Spain 12–1 Malta
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The Estadio Benito Villamarín in Seville hosted the match
UEFA Euro 1984 qualifying|
|Spain qualified for UEFA Euro 1984|
|Date||21 December 1983|
|Venue||Estadio Benito Villamarín, Seville|
|Referee||Erkan Göksel (Turkey)|
On 21 December 1983, Spain played Malta in the last qualifying match for UEFA Euro 1984. The game is often described as one of the most important in the Spanish national football team's history.[by whom?]
Four days before the game, the Netherlands defeated Malta 5–0 and finished their qualification schedule with 13 points and a goal difference of +16. If Spain won their final qualifier and thus also finished on 13 points, then goal difference would decide which team qualified.
With a goal difference of +5, Spain would need to defeat Malta by a margin of 11 or more goals to qualify. The team had only managed to score 12 goals in their previous seven matches, and before the game the Maltese goalkeeper, John Bonello, said: "Spain couldn't even score 11 goals against a team of children."
After 17 December, and before Spain's match against Malta, the group 7 table stood as follows:
|1||Netherlands||8||6||1||1||22||6||+16||13||Qualify for final tournament|
|3||Republic of Ireland (E)||8||4||1||3||20||10||+10||9|
Rules for classification: Qualification tiebreakers
When half-time came and the scoreline was 3–1 to Spain, few expected them to score enough goals to qualify. However, Juan Antonio Señor, who had missed a penalty kick awarded to Spain in the second minute of the first half, scored Spain's 12th and last goal in the 88th minute; Rafael Gordillo scored a 13th in the final minutes of the game but it was disallowed by the referee. That did not matter, however, as the Spaniards won by the 11-goal margin required for them to beat the Netherlands to qualification.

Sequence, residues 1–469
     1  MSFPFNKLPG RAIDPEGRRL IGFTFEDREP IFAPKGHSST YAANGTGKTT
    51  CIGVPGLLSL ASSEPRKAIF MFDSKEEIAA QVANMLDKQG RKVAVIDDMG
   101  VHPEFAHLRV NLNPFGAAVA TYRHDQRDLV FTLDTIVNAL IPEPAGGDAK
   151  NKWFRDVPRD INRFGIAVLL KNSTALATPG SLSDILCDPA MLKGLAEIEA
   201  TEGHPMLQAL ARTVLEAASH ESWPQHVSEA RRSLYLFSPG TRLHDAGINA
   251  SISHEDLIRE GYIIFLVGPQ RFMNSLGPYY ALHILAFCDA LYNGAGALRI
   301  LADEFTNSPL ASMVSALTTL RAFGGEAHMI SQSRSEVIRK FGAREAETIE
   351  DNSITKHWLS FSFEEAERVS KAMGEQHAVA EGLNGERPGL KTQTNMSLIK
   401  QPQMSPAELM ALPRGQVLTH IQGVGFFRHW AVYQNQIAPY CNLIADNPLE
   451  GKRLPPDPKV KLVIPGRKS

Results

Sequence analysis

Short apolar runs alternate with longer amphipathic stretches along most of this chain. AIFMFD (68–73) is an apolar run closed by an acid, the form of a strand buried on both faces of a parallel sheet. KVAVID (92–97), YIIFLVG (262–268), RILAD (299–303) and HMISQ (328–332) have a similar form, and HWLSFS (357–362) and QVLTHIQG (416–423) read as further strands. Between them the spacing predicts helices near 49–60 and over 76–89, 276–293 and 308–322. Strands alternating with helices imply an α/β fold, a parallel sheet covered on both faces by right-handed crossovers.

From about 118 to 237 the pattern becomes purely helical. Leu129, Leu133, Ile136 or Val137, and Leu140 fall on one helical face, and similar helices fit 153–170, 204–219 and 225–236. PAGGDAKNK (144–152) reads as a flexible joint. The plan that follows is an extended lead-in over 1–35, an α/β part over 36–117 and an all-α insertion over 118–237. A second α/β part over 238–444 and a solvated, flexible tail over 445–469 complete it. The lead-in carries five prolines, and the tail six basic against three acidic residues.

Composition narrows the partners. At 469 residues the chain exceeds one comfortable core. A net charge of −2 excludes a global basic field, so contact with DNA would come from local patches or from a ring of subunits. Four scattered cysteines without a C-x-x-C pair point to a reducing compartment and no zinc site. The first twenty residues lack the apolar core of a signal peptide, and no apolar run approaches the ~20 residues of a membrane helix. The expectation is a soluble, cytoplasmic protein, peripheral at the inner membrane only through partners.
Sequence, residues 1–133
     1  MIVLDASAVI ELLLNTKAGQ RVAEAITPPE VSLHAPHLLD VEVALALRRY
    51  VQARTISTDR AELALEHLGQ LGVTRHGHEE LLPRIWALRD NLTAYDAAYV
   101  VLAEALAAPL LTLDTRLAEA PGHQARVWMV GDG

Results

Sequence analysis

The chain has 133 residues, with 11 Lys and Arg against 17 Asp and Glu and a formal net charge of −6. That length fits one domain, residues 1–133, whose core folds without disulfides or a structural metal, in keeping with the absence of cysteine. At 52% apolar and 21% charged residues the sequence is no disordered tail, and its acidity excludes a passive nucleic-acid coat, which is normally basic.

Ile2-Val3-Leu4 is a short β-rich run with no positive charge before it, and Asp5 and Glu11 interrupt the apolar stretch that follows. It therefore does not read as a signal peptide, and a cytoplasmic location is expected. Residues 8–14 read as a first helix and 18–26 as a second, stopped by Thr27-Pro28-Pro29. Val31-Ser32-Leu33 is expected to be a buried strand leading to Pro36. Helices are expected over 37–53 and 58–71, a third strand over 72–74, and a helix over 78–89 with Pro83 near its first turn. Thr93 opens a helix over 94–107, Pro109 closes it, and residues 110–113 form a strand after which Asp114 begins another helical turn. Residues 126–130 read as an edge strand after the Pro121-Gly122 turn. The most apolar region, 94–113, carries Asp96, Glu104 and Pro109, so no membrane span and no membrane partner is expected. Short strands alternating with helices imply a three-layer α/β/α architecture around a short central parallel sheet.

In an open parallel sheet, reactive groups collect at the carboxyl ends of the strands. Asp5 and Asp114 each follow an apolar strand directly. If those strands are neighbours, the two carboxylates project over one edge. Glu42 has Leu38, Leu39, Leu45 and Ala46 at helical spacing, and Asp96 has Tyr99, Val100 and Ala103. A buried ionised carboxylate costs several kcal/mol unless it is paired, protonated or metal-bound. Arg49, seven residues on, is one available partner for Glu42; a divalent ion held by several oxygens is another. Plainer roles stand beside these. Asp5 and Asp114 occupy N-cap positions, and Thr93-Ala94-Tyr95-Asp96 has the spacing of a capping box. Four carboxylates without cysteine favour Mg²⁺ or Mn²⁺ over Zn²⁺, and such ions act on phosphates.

The match was broadcast by RTVE in Spain. Afterwards, many claimed that the Maltese were paid to not play their best and to let Spain win by a large margin, and it was rumoured that words had been exchanged between Maltese and Spanish officials and players at half-time. In March 2018, two Maltese players, Silvio Demanuele and Carmel Busuttil, claimed the Spanish players had been using doping as "they had foam in their mouths and could not stop drinking water". They also claim the Maltese players were drugged via lemon wedges during halftime. However, as of 2018, match-fixing has not been proven.
The Malta Football Association launched an inquiry into the result, and its chairman George Abela (later the President of Malta) brought about changes to the national team. Abela said that a lack of facilities meant that the team lacked serious professional preparation for a tournament such as the European Championships, and the closeness of away fixtures (Malta had played in the Netherlands only four days prior to their 12–1 loss in Seville) was a further hindrance and such scheduling would be avoided in future.
Spain and the Netherlands finished the qualification stage level on 13 points, level on the aggregate score between them, level on goal difference, but Spain qualified on goals scored (24, compared to 22 for the Netherlands).
|1||Spain||8||6||1||1||24||8||+16||13||Qualify for final tournament|
|3||Republic of Ireland||8||4||1||3||20||10||+10||9|
- The match produced the second-largest win in Spain's history (the largest was 13–0 against Bulgaria in 1933), and Malta's largest loss.
- The four goals scored by Santillana put him as the top goalscorer in qualifying group 7.
- "Spain's top newspaper recalls 12-1 victory over Malta 30 years ago today". Times of Malta. 21 December 2013. Retrieved 15 January 2014.
- independent.com (March 20, 2018). "Watch: 1983 12-1 defeat against Spain - Maltese players say they were drugged".
- Mattia Chiusano (June 20, 2004). "E la Spagna rifilò 12 reti a Malta". la Repubblica (in Italian). p. 48.